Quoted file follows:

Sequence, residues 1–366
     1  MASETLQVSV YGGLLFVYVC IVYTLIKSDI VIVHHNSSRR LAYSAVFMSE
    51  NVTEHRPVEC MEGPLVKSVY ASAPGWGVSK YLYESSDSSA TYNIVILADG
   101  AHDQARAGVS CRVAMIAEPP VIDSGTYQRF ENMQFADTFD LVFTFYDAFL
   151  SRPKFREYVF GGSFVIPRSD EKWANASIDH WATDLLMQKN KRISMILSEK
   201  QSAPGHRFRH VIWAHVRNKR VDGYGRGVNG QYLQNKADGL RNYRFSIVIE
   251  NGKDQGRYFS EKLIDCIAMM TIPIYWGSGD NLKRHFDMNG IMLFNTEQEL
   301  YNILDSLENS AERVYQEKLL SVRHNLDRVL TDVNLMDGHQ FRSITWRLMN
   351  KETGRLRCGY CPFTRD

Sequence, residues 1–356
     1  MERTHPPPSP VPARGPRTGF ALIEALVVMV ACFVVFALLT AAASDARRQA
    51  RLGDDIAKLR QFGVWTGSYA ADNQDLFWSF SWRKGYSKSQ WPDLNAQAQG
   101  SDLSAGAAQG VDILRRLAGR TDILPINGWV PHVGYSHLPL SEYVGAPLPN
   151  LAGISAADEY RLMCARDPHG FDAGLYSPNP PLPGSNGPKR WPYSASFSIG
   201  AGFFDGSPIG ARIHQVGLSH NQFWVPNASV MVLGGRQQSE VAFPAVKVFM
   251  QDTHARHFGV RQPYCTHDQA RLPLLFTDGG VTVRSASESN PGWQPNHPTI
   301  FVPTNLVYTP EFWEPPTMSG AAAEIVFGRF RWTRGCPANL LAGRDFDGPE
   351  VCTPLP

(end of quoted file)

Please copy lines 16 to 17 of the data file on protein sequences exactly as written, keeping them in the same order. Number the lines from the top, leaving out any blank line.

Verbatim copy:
   251  QDTHARHFGV RQPYCTHDQA RLPLLFTDGG VTVRSASESN PGWQPNHPTI
   301  FVPTNLVYTP EFWEPPTMSG AAAEIVFGRF RWTRGCPANL LAGRDFDGPE